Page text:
U.S. President Barack Obama on Monday will propose a higher tax for individuals making more than $1 million a year in a bid to cut the budget deficit, The New York Times reported on Sunday, referring to administration officials.
Obama will call his proposal, intended to make millionaires pay at least the same percentage of their earnings as middle-income taxpayers, the "Buffett Rule," in a reference to Warren Buffett, the billionaire investor who has repeatedly complained that the richest Americans generally pay a smaller share of their income in federal taxes than do middle-income workers as investment gains are taxed at a lower rate than wages, the paper said.
"Mr. Obama will not specify a rate or other details, and it is unclear how much revenue his plan would raise. But his idea of a millionaires' minimum tax will be prominent in the broad plan for long-term deficit reduction that he will outline at the White House on Monday," the paper said.
The millionaires' tax is among several changes Obama will propose in urging Congress to overhaul the federal income tax code next year, both to raise revenues for reducing deficits and to make the tax system simpler and fairer, the paper said, referring to administration officials who agreed to speak in advance of the president's announcement on the condition of anonymity.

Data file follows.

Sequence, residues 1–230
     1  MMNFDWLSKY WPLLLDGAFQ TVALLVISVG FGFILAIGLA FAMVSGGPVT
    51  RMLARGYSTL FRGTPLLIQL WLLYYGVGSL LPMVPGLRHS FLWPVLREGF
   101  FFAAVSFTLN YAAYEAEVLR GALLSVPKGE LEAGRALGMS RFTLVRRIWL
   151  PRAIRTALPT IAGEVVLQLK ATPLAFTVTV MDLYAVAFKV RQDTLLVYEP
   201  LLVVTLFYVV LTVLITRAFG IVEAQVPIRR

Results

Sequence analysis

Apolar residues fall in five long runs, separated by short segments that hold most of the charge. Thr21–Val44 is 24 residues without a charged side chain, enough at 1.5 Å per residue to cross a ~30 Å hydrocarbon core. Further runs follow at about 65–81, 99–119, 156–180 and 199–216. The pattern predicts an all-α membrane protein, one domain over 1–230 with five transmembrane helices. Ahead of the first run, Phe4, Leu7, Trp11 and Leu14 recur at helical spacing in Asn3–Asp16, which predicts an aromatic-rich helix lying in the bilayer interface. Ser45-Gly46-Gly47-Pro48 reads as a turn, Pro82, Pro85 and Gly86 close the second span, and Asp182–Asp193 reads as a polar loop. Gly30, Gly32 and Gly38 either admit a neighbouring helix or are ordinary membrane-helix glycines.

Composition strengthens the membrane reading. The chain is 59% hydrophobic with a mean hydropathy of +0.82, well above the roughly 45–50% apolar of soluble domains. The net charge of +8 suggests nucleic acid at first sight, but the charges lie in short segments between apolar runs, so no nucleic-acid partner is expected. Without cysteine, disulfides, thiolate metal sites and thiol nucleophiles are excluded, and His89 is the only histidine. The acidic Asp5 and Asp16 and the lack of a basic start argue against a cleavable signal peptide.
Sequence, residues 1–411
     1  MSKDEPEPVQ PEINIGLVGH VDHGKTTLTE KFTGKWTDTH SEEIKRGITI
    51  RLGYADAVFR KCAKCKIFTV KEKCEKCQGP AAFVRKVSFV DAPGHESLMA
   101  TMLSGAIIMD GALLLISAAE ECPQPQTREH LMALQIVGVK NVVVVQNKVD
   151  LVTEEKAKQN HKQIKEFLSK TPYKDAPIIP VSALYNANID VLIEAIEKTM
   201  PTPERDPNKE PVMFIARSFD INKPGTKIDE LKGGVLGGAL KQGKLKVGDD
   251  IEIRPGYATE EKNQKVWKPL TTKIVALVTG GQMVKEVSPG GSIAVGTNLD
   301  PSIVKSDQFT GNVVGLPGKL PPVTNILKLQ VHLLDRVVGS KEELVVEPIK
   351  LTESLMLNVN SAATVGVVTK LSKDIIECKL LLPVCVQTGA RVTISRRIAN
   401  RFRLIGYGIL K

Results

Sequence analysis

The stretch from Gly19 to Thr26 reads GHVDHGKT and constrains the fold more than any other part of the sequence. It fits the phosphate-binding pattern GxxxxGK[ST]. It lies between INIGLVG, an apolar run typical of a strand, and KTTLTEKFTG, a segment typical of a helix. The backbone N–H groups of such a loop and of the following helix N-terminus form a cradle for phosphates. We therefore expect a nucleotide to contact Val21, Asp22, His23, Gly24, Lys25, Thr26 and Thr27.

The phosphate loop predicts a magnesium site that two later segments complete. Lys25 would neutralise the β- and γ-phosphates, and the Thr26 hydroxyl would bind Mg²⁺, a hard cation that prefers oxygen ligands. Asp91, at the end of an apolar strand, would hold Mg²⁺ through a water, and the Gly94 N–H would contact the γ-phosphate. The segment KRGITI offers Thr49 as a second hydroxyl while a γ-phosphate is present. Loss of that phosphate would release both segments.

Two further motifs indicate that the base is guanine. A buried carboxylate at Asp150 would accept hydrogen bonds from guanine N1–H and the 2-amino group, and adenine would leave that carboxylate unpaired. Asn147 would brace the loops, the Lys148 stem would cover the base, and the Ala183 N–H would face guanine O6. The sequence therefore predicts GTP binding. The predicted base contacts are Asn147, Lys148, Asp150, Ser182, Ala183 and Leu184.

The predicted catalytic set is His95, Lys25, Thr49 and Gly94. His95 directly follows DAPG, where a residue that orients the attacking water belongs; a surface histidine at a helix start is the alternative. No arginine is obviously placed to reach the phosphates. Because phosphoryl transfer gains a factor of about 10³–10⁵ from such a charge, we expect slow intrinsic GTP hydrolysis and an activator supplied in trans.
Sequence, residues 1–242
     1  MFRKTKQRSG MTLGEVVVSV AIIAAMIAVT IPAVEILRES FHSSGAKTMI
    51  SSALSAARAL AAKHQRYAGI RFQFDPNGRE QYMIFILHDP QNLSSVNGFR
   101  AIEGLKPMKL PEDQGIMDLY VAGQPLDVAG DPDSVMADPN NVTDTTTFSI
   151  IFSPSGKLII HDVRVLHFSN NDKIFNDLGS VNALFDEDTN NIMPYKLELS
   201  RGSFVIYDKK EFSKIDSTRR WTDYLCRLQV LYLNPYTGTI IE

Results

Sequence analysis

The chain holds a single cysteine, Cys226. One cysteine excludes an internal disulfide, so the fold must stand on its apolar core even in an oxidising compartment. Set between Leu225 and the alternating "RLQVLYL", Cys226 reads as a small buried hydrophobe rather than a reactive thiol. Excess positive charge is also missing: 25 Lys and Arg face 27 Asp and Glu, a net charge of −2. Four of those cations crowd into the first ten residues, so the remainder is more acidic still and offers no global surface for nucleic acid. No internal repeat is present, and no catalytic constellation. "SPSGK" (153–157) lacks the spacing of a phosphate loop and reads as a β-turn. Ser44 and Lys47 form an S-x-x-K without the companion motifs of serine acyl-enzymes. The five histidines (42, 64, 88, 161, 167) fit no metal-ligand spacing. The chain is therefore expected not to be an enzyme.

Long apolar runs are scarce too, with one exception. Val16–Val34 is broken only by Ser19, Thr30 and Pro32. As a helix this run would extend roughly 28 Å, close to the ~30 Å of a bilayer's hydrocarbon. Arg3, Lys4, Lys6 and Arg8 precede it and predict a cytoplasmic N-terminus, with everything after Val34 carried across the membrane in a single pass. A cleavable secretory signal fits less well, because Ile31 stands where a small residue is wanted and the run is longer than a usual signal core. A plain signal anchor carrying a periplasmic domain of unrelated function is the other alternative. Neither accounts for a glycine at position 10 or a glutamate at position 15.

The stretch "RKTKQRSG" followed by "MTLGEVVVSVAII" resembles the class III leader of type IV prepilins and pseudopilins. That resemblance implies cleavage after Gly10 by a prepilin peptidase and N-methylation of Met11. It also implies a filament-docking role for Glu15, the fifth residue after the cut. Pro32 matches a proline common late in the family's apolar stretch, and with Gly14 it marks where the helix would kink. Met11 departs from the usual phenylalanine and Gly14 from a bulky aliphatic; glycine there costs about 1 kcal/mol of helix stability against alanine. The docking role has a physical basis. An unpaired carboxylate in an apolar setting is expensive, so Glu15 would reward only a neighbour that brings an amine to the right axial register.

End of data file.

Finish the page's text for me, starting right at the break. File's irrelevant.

The millionaires' rate would affect only 0.3 percent of taxpayers or fewer than 450,000, the paper said.
The Obama proposal has little chance of becoming law unless Republican lawmakers agree to it, the paper said.
"But by focusing on the wealthiest Americans, the president is sharpening the contrast between Republicans and Democrats with a theme he can carry into his bid for re-election in 2012," the paper said.